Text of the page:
Day Seventeen

DAY 17: Dr Elise Bialylew interviews Dr Laura Markham

Video Objectives

You’ll learn:

  • Strategies for managing challenging moments with kids
  • A new science backed way to "discipline" without using punishment
  • What to do when you've screamed at your child to repair and ensure a strong connection
  • Some powerful rituals you can bring to your family to support  greater flourishing
About Laura Markham

Prefer to listen, rather than watch? Click the play button below.

[accessally_missing_any_tag tag_id='895' comment='MLP22']Want to read the transcript from this interview? Mind Life Project members receive access to interview transcripts and 6 months of mindfulness support, live meditations, and more👇[/accessally_missing_any_tag][accessally_has_any_tag tag_id='895' comment='MLP22']Mind Life Project Bonus Content:

Click here to download the transcript of Dr Elise Bialylew's interview with Dr Laura Markham.[/accessally_has_any_tag]

Your meditations for today

Releasing shame by Lisa Abramson

Called an inspiration by Oprah, Lisa Abramson is an executive coach, mindfulness teacher, author and mom of two girls. She teaches overachievers how to develop a resilient mindset and create success that’s sustainable. She’s helped more than 15,000 people increase their mental resilience through her online programs and has shared her insights at TEDx, Google, Microsoft, Cisco, The Stanford Graduate School of Business and in Forbes, NPR, The New York Times, Health, Fast Company, and more. Lisa has delivered over 8 million minutes of calm around the globe through her guided mindfulness meditations.

BONUS meditation:

Relax Your Mind With The Breath By Elise Bialylew

[accessally_missing_any_tag tag_id='895' comment='MLP22'][/accessally_missing_any_tag]


Whether in you relationships with your kids, partner or family and friends more broadly. The mindful emotional first aid is such a valuable practice.

Having the skills to manage our own emotions is a key ingredient in allowing us to meet another person with less emotional reactivity and greater wisdom. 

In daily life, when you’re emotionally triggered and your prefrontal cortex is hijacked by your amygdala, whether you’re feeling anger, fear, or agitation, you need a simple reminder to help you work with the emotion mindfully.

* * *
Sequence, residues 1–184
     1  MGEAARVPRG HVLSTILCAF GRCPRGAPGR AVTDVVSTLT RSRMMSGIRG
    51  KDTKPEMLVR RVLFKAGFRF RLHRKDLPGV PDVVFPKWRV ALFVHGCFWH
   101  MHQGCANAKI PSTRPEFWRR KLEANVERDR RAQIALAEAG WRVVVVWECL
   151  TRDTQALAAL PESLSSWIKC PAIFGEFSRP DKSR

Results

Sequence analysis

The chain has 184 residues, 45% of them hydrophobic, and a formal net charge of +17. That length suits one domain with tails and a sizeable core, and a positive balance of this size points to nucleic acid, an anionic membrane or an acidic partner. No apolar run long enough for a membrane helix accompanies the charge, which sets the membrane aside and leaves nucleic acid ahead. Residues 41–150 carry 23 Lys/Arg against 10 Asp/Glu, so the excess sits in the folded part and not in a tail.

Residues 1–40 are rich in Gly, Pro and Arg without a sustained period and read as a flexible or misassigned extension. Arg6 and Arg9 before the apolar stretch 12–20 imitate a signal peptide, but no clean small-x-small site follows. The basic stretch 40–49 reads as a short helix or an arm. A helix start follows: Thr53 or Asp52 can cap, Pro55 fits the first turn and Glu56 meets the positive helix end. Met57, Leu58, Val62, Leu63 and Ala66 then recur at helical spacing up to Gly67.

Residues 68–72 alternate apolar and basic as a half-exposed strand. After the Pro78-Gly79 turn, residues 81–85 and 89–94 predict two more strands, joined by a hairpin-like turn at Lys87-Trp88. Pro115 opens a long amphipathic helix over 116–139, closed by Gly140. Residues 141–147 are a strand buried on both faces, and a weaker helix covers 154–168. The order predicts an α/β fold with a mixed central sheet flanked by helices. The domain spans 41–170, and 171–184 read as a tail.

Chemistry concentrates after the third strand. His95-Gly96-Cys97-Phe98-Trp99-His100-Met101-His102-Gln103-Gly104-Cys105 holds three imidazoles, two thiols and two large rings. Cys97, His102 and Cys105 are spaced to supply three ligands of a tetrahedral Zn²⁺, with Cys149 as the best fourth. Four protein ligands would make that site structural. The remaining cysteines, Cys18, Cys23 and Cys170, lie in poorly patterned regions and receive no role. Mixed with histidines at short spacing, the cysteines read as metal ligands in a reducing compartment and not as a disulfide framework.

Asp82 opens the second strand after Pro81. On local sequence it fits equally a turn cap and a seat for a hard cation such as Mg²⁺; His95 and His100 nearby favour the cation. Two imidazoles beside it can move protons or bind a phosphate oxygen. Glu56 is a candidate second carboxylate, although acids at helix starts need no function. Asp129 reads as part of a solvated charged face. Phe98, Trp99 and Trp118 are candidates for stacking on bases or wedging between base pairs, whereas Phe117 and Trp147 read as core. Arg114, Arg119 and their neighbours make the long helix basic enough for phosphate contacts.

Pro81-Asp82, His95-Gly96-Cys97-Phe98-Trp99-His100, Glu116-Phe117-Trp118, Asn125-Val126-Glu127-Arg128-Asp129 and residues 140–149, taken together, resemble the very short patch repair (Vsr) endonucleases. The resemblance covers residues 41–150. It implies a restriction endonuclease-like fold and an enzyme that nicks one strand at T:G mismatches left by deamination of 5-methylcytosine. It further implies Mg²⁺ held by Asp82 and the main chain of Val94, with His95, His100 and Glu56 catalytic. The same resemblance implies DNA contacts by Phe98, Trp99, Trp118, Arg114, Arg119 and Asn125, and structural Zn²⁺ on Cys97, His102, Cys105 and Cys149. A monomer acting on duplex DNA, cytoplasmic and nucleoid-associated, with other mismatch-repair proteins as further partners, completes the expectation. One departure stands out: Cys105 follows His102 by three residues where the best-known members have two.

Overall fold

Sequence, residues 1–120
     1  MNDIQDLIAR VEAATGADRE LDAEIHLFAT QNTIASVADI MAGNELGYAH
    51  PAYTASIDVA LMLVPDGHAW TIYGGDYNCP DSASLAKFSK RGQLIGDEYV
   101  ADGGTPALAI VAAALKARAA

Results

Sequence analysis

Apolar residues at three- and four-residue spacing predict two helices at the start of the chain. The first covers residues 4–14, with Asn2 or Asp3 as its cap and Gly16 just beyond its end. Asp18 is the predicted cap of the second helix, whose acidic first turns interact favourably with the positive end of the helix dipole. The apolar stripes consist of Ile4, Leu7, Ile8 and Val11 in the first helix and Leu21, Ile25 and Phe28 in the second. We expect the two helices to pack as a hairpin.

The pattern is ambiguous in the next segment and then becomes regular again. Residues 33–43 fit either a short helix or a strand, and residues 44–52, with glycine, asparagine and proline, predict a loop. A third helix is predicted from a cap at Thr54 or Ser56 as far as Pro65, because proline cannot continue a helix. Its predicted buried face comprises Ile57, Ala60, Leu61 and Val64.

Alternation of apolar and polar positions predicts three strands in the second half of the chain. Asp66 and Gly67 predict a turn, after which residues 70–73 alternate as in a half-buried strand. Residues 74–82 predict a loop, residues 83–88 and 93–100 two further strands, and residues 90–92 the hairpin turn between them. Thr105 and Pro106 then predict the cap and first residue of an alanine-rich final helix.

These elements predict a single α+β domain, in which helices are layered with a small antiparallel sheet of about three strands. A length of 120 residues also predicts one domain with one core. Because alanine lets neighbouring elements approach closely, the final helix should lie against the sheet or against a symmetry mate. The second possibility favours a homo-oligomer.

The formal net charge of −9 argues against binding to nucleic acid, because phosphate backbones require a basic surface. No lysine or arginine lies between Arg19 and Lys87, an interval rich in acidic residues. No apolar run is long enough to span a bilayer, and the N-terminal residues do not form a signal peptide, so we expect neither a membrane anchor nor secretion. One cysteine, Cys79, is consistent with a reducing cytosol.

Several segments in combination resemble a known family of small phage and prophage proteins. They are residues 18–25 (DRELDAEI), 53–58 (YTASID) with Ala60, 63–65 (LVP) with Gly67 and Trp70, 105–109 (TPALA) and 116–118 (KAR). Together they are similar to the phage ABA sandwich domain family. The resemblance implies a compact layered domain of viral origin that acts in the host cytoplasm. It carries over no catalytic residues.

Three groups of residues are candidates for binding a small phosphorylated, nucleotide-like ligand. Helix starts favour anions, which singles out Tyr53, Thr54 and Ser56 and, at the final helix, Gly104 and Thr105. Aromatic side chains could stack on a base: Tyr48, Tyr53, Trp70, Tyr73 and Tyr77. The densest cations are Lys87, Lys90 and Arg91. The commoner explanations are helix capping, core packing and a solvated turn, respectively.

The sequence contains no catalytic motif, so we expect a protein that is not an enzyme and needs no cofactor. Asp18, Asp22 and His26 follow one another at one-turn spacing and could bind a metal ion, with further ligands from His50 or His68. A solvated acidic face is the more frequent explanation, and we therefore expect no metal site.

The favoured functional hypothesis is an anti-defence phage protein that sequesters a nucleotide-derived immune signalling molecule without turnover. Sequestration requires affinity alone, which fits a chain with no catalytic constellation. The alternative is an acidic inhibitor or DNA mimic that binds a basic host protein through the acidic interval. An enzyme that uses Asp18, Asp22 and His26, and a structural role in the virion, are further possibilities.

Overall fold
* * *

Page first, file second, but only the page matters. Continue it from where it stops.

Today, we explore the mindful ABC of Emotional First Aid that I created, inspired by my medical training and the ABCs of physical resuscitation.

A: Acknowledge.

Acknowledge that the emotion is present.

When we get emotionally triggered, we can get completely consumed by the emotion. By labelling or naming the emotion we can more clearly acknowledge that it is present. This acknowledgement is the first step in having more freedom to respond wisely in the face of an emotional response.

B: Be open and breathe.

We are wired to pull away from emotions such as anger, sadness or fear; they don’t feel good in our bodies. This second step asks you to be open and stay with whatever emotion has been activated, remembering that difficult emotions are a normal part of being human.

By being open to whatever emotion is present, we actually allow them to flow through us, rather than get stuck as we expend more energy trying to push them away.

Use the breath as a way to anchor yourself in the midst of an overwhelming emotion, and use the outbreath to release any tension in the body associated with the emotion. With each outbreath you can silently say to yourself, "I send compassion to this particular emotion.” This phrase can interrupt the reactivity and help you soothe yourself.

C: Curiously explore.

Ask yourself, where do I feel this emotion in my body? What sensations are associated with this emotion? What am I believing? Be curious about the quality of the emotion. Do you notice it changes as you pay attention?

The key to this step is to bring a quality of kindness and gentleness to the investigation, as if you were a parent gently exploring what has upset your child.

D: Don’t be hard on yourself and de-identify with the emotion.

This step asks you to use difficult emotions as an opportunity to develop your self-compassion. Remind yourself that, just like every other human on the planet, you are not perfect, and will inevitably be thrown off-centre and react in ways you feel ashamed about.

It is also an opportunity to remember the universal truth of impermanence: the fact that everything is transient and that emotions are no exception. You can experiment by silently noting to yourself, “I am noticing the feeling of [name the emotion] …”, or simply, “Here is anger,” rather than thinking, "I’m angry." This subtle shift in perspective through labelling reminds us of the impermanent nature of emotions.

I’ve even found it extremely useful to use the ABC steps as prompts for journaling about difficult emotions. Often, when we get emotionally triggered, we perceive one dominant emotion (such as anger), but by pausing and curiously exploring that emotion, we discover that other emotions may be hidden beneath.

Try this practice out the next time you are emotionally triggered and let us know how you find it in the Facebook group.

stay on track

mark off your daily progress here


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